Low-cost airline Ryanair said its latest quarterly profit was 21 percent lower than a year ago, but it did meet analysts’ expectations at 78 million euros.
Profit was hit by higher fuel costs, the timing of Easter and the impact of air traffic control strikes in France.
Ryanair benefited from an increase in so-called “ancillary” charges, particularly advance booking for specific seats on planes.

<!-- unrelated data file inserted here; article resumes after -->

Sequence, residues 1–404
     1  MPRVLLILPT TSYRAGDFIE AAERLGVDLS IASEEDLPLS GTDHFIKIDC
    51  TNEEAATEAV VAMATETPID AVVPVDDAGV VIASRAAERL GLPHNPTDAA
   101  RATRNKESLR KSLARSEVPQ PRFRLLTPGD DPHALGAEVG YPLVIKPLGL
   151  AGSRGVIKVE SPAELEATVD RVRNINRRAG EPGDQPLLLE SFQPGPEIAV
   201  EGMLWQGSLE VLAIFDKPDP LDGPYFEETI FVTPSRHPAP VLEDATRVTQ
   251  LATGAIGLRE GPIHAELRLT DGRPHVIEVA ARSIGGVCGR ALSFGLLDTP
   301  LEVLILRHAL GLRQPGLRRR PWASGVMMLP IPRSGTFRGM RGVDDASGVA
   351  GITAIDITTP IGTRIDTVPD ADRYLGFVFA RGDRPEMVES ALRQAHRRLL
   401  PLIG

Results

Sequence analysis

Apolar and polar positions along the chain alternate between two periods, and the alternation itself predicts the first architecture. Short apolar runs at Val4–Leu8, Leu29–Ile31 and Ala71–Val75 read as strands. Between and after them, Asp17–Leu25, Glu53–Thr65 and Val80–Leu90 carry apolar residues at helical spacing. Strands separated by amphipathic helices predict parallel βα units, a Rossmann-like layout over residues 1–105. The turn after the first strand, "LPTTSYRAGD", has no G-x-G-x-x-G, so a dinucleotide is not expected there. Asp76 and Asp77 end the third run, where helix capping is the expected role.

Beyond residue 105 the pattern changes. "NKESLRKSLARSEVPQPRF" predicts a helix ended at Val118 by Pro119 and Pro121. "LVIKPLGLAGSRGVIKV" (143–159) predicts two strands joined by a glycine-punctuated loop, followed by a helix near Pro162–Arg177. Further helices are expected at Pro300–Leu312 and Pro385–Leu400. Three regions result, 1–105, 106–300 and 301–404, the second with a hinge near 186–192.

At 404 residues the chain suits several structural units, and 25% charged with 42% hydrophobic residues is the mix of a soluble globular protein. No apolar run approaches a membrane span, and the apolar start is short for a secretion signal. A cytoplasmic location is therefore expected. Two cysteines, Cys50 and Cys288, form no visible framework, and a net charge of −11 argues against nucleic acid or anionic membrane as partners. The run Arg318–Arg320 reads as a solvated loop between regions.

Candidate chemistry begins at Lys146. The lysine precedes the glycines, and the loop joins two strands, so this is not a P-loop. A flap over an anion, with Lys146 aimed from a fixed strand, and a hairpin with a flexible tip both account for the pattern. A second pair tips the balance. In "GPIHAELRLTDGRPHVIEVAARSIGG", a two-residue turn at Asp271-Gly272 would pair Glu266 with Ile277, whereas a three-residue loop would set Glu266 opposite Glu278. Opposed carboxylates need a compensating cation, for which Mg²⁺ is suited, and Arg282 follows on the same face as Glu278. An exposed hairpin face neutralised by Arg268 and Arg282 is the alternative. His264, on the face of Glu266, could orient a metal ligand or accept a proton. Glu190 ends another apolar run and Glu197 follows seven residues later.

“We’ve been pleasantly surprised with the uptake – passengers want reserved seats,” Chief Financial Officer Howard Millar said.
Ryanair – along with easyJet – has been also been able to exploit gaps in the market left by higher-cost rivals like British Airways and Air France-KLM recently cutting some of their short-haul routes.
The Dublin-based airline, best known for its no-frills service, maintained its forecast for earnings of 570-600 million euros in its full year to end-March 2014, versus last year’s record of 569 million euros.